- Describe the importance of a safe staff-to-child ratio.
- Recognize a safe staff-to-child ratio for a school-age program.
- Practice safe staff-to-child ratios.
Why are Ratios and Group Size Important?
“The bigger the better” doesn’t necessarily apply to school-age programs. Children and staff benefit from following ratio and maximum group size requirements. Smaller group sizes can help ensure that there are enough staff members to maintain safety in the school-age program. Small group sizes create an environment where school-age children can feel emotionally secure and can form friendships with the staff and other children. In this environment, staff members are able to be more responsive and can nurture relationships between the children. Staff members know the children well, individualize interactions, and promote independence. Limiting the number of children in a school-age program also can improve job satisfaction for staff members.
What is a Safe Staff-To-Child Ratio?
There are two numbers to consider: the number of children per staff member and the number of children in the group.
The United States Department of Health & Human Services provides guidelines for ratios and group sizes. These groups recommend ratios of at most 1:12 when children are age 6 and older, and at most 1:6 when the program includes children age 1 to 6. In groups of infants, there should not be more than 4 infants for every adult. Group sizes should not exceed 30. It is important to remember that these are guidelines. Always check with your program’s procedures, as they will have a set ratio policy for you to follow.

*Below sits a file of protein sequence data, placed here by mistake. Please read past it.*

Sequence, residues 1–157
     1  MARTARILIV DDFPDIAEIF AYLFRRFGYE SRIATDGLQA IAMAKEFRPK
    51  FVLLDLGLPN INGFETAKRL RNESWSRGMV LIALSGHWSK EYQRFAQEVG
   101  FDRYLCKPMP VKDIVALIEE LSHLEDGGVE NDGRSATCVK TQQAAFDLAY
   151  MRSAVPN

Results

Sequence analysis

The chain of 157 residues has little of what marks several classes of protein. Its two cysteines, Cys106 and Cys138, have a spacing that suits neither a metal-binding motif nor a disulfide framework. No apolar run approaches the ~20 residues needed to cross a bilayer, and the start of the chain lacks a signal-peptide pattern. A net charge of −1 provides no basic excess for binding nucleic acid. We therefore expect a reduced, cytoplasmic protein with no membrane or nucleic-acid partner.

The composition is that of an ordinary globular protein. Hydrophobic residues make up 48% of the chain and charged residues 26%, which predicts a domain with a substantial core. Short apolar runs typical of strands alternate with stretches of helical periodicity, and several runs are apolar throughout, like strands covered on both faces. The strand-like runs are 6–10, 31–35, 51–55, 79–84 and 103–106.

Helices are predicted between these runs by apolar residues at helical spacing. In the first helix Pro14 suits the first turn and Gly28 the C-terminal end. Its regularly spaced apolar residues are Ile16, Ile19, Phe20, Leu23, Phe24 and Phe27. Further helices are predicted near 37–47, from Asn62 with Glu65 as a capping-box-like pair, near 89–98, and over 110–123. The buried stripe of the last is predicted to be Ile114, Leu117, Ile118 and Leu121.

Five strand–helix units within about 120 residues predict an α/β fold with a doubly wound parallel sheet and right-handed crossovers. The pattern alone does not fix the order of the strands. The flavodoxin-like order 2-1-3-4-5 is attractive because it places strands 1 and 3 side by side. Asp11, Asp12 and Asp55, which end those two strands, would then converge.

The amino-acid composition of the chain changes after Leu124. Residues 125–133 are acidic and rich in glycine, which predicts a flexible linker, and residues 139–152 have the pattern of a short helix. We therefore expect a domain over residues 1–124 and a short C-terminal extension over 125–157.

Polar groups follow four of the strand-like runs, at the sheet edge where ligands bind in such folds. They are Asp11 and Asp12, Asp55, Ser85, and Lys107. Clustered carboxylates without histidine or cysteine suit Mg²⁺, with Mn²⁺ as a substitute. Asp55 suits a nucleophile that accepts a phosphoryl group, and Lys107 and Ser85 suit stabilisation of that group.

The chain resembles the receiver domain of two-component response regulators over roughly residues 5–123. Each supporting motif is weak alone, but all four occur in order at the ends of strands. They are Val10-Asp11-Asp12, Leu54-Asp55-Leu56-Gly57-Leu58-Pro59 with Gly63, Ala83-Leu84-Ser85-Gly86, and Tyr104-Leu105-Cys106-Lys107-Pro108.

There may be times when a lower staff-to-child ratio is necessary. In groups where kindergarten-age children are present, there may be a different staff-child ratio than in an older, multi-age group. Different types and levels of activities will also determine the appropriate staff-child ratio and group sizes. When school-agers are learning a new or different skill, the staff-child ratios and group sizes should be kept small. Activities involving potentially dangerous equipment or experiences (such as swimming or woodworking) or field trips may require a lower staff-child ratio. Group sizes may tend to be larger with low-risk activities such as art, reading or quiet board games. Ratios must still be maintained, though. More adults may be necessary to maintain the safety of all children.
When Do Ratios Apply?
Ratios apply at all times that your program is in session. You must be vigilant about maintaining appropriate staff-to-child ratio. This is important for the children’s well-being as well as your own. The standard ratios apply indoors and outdoors. It is a good idea to have walkie-talkies or a phone available to reach another staff member in an emergency, summon help if needed, or if a staff member needs a break.
Who Counts in the Ratio?